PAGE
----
I came from Cuba when I was two years old, so that means I really love to cook Cuban food and represent the Cuban culture wherever I can. And then the one, I think from the standpoint of, what's my point of view around the chief data officer for the next decade, look, I've been a chief data officer now three times. Had to do it three different organizations with three different types of culture. And certainly 20 some odd years ago when I started the role was primarily defensive. We were trying to make sure that data quality was sustainable and operational for our business. And while that hasn't changed, we have become more strategic. We certainly in the age of digitization being a chief data officer, making sure that digitization is all about data and having the right data at the right time with the right content and data quality level. And making sure that we not only have a defensive role and a defensive strategy to guard against that, but also an offensive one where we can actually show value to the corporation.


And that's something new for many of us, and it's going to make the job a lot more interesting, but also we all have to up our game as well in terms of being able to play that role within the company. And that means having great communication skills, really understanding the business and the business strategy for your company, and then being able to be part of those executive conversations.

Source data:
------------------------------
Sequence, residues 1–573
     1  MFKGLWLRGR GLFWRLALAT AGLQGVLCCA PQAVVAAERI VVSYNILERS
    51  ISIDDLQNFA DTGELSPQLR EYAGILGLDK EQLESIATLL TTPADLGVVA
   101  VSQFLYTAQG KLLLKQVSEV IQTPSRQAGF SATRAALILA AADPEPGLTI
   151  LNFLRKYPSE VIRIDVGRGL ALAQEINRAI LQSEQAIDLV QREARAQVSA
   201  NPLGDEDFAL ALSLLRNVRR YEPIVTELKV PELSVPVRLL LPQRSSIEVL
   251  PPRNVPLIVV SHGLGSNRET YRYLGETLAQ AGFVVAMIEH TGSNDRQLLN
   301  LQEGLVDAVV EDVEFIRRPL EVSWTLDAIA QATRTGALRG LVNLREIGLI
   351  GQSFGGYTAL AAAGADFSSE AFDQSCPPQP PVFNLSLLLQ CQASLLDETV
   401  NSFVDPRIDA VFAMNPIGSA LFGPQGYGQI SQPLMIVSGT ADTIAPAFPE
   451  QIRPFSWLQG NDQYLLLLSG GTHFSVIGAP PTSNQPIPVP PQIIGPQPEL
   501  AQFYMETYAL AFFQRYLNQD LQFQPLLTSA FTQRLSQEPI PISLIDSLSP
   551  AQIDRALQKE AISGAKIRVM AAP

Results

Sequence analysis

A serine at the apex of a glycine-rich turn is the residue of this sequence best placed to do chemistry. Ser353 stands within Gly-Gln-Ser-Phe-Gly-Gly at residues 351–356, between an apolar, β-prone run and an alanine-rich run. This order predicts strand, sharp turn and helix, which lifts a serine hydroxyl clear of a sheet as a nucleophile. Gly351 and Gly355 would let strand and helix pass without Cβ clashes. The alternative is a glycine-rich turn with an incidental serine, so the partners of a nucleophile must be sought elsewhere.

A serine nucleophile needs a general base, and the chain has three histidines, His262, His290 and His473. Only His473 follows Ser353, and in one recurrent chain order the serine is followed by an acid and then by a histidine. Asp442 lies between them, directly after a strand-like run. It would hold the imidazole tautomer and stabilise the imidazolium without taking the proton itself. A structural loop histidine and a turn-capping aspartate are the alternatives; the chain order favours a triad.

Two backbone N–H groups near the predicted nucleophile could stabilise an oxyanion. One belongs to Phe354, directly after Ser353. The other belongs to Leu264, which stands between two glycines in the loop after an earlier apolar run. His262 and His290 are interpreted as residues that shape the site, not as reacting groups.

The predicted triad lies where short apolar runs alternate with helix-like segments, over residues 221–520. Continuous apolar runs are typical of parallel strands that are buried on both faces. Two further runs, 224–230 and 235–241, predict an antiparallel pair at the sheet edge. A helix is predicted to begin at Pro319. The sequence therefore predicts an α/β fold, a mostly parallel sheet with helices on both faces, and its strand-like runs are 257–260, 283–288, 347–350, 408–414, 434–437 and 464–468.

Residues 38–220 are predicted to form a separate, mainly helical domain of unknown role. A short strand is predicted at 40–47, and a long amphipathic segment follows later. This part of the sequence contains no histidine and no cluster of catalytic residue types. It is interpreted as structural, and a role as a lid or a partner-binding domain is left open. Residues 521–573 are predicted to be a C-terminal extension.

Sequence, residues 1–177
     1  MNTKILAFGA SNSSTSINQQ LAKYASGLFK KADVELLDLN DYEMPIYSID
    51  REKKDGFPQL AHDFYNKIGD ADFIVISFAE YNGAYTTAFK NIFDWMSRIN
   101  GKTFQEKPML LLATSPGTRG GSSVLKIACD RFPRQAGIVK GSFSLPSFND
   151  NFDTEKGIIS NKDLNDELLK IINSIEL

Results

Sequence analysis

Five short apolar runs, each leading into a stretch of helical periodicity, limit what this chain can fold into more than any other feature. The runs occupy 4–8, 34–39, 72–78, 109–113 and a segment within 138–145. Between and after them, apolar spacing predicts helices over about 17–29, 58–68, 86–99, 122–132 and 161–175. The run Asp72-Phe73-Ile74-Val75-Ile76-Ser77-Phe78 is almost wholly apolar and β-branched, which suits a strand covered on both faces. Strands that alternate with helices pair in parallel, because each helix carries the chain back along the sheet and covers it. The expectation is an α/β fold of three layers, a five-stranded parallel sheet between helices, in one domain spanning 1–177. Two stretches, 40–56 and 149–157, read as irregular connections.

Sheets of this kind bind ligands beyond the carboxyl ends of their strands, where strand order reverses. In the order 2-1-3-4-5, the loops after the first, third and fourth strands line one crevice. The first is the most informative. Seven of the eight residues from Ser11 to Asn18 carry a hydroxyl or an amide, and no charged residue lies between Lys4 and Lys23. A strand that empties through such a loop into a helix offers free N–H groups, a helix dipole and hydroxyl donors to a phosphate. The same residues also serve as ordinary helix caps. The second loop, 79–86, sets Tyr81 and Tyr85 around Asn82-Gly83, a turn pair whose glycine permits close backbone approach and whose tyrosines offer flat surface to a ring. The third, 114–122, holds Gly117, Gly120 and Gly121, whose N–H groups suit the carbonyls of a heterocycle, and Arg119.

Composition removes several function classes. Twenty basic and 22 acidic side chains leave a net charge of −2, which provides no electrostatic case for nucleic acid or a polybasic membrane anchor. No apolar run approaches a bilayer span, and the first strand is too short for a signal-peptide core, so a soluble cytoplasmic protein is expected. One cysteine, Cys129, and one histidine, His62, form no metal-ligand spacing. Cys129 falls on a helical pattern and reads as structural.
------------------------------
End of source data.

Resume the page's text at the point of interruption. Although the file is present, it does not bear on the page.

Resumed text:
Lenno Maris (05:01):

Hello everyone. Good morning. Good afternoon. My name is Lenno Maris. And within FrieslandCampina, I'm heading up the Enterprise Data and Authorizations Department Global. FrieslandCampina is a worldwide dairy company, and it's actually the largest co-operative around the globe. In our company, we're managing the complete value chain from grass to glass. And by that we control the value chain from end to end. In my career, I've mostly been active in business transformations in various disciplines, finance, sales, and it. And also within various companies like Heinz, PepsiCo, Med-IQ and FrieslandCampina nowadays. I believe that we can. And honestly, I'm very passionate about this as well. Accelerate the business performance by the power of data and insights on a day to day basis.


Just like Maria just mentioned, we need to seek and articulate the business failure. So what I really like to do is basically to come into a company, understand the way that we are operating, understand the dynamics of the company, and then start to generate transformation on the basis of seeking where the pockets of failure are sitting. And every time that I come in into an endeavor like this, I get extremely energized. And that's basically, it brings me joy, not only from a working perspective, but moreover from a personal perspective as well.


Chris Knerr (06:50):

Hi, I'm Chris Knerr, Syniti's Chief Digital Officer, and it's really a pleasure to be here with Maria on one-on-one on this CDO panel. I'm an industry veteran. I've been working in business transformation, technology transformation, digital transformation for 20 years. Before I was Chief Digital Officer of Syniti, I was in industry for many years where I led large transformation programs and I've also been the CIO and an entrepreneur in the artificial intelligence machine learning and analytics space. It's an interesting role for me to have as chief digital officer. I think often you think of a chief digital officer as someone who's primarily focused on driving digitization within a company. That is my role to some extent, but to a greater extent, my role is focused around how helping our customers achieve their digital optimization and their digital transformation.